They have so much knowledge and keenly developed intuitions; each day I learn an overwhelming amount of new information about the many uses of weeds and which bugs are "good" vs "bad."
Besides the owners, my roommate, and myself, there are six others that live and work here.
Many are also on COVID-related life detours — from restaurant work, nursing school, traveling the world. Others might have been here regardless of the global pandemic — they have been farming for a good amount of time already or are spending a summer here in between college semesters. Our paths probably would not have crossed at any other time or place in life. We live, work, cook, and eat alongside each other; there's a first semester of college or summer camp vibe to spending so much time with complete strangers.
Each of us work 36 hours a week in exchange for housing and food.
We can stack our hours in whatever way we see fit; I have been working five 7-8 hour days and taking two days off a week. The day starts with a quick meeting over breakfast at 7:30am to discuss the day's tasks. We're truly at the whim of nature to schedule our day — if it's cloudy, it's a good day for transplanting. A rainy day means we're inside shelling peas and cooking up a storm. If it hasn't rained in a few days, the entire day could be dedicated to hand watering each garden.
On top of the mutable schedule, I find that this experience is more in line with my idea of labor than any previous job I have had. The bulk of my work is out in the farm: weeding, thinning, harvesting, turning compost, etc.
But cooking lunch or dinner for the household also "counts" as hours, as does grocery shopping, cleaning, and planning. It's an exercise in understanding what it takes to house and feed a group of people as well as maintain my own health and energy levels.
It has been so important to learn and fully understand what goes into feeding people — a chain of labor that is consistently undervalued in this country.
The farm is not commercial, meaning the owners grow food for themselves and their close community, not for sale. This takes a huge pressure off of them and the workers here, there is no supply chain or corporate interest demanding a certain yield.
It is an unmeasurable privilege to work in small-scale, not for profit agriculture during the coronavirus, as farm workers across the country, the vast majority of whom are Latinx and POCs, are denied hazard pay, fair wages, and safe working conditions in order to keep food on our tables. Undocumented workers cannot file for unemployment, sick pay is vastly limited, and childcare is often unaffordable when schools close.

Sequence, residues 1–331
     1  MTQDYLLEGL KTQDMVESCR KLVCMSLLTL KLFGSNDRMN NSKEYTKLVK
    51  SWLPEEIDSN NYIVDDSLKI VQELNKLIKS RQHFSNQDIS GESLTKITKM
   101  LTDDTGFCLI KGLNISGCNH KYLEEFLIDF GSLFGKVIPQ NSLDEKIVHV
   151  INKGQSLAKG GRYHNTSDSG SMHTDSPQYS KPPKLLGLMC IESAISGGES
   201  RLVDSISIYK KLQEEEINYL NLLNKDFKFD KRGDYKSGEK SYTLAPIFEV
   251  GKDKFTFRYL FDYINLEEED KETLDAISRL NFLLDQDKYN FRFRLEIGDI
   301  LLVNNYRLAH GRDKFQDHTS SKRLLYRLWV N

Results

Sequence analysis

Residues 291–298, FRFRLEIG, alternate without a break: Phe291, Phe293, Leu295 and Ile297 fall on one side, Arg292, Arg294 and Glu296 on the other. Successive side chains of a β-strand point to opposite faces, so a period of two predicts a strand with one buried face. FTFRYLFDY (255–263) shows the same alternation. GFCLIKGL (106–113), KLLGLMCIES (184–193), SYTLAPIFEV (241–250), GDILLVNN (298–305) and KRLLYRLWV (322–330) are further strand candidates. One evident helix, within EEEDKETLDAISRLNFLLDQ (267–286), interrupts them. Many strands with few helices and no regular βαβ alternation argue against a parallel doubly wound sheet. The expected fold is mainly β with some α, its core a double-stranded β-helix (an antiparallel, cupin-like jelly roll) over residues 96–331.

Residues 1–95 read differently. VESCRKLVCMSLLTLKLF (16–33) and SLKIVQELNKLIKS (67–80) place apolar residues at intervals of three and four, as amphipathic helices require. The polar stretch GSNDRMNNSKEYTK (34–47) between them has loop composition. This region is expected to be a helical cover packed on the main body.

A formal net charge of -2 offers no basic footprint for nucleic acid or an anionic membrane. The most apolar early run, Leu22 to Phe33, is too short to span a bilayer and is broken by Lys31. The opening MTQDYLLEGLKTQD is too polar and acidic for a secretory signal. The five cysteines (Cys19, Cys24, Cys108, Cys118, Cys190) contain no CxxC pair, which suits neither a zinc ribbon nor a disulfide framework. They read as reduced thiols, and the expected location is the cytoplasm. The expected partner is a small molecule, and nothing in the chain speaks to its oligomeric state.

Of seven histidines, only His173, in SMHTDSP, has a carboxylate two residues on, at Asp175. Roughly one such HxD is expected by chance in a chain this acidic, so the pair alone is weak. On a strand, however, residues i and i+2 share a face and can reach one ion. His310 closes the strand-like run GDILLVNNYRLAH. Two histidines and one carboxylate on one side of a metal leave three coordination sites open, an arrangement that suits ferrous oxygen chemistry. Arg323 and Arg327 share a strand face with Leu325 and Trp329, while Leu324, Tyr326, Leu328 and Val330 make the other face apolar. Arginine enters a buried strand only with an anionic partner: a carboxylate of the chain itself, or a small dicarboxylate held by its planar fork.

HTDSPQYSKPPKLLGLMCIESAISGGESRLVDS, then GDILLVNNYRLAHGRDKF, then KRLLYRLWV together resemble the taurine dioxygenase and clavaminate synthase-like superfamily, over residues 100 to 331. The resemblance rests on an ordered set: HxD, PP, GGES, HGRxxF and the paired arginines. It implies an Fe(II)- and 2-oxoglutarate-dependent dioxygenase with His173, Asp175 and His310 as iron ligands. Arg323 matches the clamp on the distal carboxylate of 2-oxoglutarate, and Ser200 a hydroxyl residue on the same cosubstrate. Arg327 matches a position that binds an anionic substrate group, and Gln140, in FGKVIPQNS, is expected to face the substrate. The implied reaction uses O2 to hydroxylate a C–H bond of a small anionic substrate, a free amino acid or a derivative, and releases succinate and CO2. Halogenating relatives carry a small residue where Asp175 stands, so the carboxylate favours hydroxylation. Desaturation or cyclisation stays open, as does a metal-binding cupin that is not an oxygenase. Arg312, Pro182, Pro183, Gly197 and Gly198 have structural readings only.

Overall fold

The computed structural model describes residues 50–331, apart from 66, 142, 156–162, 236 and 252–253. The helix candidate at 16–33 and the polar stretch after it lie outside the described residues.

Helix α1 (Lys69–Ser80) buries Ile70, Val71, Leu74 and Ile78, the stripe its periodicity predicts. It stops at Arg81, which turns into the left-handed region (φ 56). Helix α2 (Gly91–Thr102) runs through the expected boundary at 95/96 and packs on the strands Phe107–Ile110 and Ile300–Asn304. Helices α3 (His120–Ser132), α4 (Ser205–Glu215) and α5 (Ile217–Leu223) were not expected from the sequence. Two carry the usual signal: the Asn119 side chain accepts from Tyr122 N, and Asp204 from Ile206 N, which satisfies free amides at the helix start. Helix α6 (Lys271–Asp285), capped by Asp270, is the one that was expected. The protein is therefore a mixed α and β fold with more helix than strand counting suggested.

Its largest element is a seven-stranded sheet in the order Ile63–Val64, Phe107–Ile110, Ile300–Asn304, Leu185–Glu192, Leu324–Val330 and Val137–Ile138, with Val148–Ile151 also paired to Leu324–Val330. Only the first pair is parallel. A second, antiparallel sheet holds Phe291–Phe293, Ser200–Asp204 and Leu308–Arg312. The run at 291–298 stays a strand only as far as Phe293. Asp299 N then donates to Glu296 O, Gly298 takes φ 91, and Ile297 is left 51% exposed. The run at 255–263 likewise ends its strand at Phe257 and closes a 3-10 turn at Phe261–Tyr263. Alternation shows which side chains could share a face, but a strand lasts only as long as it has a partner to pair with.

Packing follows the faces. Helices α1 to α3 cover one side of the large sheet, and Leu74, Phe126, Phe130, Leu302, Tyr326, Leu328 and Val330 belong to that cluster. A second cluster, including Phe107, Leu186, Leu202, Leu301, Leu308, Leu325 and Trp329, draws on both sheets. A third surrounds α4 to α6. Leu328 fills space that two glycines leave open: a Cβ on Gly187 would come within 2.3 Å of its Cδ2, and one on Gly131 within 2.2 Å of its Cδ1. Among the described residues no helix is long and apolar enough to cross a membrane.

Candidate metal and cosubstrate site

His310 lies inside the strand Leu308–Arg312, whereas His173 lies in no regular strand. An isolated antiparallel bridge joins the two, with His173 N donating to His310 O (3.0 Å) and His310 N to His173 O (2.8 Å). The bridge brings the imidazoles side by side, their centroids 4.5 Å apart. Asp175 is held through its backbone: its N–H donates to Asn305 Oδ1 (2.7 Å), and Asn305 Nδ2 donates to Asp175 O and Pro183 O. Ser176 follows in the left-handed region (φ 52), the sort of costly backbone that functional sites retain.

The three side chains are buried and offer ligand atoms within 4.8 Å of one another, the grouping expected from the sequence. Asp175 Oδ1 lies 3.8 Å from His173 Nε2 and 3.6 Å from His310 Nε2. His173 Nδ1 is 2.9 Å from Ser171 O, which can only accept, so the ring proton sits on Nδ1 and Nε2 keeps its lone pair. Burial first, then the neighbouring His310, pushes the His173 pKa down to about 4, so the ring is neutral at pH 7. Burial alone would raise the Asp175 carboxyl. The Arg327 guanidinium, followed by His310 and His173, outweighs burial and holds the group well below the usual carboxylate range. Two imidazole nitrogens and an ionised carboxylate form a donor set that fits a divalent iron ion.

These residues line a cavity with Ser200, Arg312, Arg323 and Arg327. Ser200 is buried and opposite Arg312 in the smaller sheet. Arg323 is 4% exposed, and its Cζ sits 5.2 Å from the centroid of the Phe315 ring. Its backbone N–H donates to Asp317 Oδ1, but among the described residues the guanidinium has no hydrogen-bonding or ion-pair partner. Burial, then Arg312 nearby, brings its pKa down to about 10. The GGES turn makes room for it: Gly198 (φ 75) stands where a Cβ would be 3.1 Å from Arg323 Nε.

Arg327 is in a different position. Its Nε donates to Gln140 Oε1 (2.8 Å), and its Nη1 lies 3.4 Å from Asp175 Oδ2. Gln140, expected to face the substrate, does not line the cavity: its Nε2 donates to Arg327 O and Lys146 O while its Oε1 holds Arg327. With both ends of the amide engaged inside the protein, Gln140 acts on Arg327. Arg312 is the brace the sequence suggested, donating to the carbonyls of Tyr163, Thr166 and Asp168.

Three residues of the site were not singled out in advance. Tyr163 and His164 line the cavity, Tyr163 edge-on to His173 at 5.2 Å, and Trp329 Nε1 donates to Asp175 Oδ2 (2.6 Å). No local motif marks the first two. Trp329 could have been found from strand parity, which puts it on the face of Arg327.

The history of farm work in this country is fraught with racism, injustice, and violence. So much of modern farmland is land that has been stolen from black and indigenous people, and those profiting from slave/migrant/low-wage labor are overwhelmingly white. While much of farming today is rooted in Afro-Indigenous tradition, Black farmers currently account for less than 2% of all farmers in the US.
From picking vegetables to sauteeing greens to cleaning up after a large group dinner, the farm is a small-scale, humane, environmentally-conscious example of the labor that is involved at every point along our food chain.
Unlike my initial dreams of farming, there are no baby goats to bottle feed, and there are way too many mosquitos to even think about frolicking through any sort of wildflowers. The work is hard. The days are long and tiring. Ultimately, I'm unpaid labor on a small, cute organic farm as a break from "real life" while so many agricultural workers on industrial farms are contracting COVID at high rates. I'm comfortable enough to take a working vacation like this and not know where my next source of income will be.
I'm also learning to appreciate not only how much labor is involved in growing the food I eat everyday, but also what level of care must go into maintaining an ethical and successful environment.
I'm not sure exactly what my next move is after I leave the farm. Wherever I end up, I plan on adding recurring donations to food justice initiatives to my routine, shopping more regularly at farmers' markets, and continuing to seek out local farm shares. This entire experience has taught me to be patient and listen to my gut more often than not. In picking my next career move, I know I'll take the time to think intentionally about the value of my labor and how to support the ecosystem of people around me.